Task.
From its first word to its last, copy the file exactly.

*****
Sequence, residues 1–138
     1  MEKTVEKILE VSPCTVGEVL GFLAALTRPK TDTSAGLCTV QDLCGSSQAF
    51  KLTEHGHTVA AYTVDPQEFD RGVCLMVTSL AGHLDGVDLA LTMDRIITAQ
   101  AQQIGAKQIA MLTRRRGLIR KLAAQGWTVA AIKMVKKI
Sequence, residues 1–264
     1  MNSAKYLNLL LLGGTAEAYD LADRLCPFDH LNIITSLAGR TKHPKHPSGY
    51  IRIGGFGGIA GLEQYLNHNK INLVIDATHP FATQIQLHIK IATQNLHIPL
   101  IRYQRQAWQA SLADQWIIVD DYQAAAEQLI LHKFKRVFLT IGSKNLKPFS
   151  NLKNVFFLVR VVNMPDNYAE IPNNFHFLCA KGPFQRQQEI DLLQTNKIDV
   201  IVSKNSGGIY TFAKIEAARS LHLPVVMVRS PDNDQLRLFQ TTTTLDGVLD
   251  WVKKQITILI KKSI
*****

Sequence, residues 1–138
     1  MEKTVEKILE VSPCTVGEVL GFLAALTRPK TDTSAGLCTV QDLCGSSQAF
    51  KLTEHGHTVA AYTVDPQEFD RGVCLMVTSL AGHLDGVDLA LTMDRIITAQ
   101  AQQIGAKQIA MLTRRRGLIR KLAAQGWTVA AIKMVKKI
Sequence, residues 1–264
     1  MNSAKYLNLL LLGGTAEAYD LADRLCPFDH LNIITSLAGR TKHPKHPSGY
    51  IRIGGFGGIA GLEQYLNHNK INLVIDATHP FATQIQLHIK IATQNLHIPL
   101  IRYQRQAWQA SLADQWIIVD DYQAAAEQLI LHKFKRVFLT IGSKNLKPFS
   151  NLKNVFFLVR VVNMPDNYAE IPNNFHFLCA KGPFQRQQEI DLLQTNKIDV
   201  IVSKNSGGIY TFAKIEAARS LHLPVVMVRS PDNDQLRLFQ TTTTLDGVLD
   251  WVKKQITILI KKSI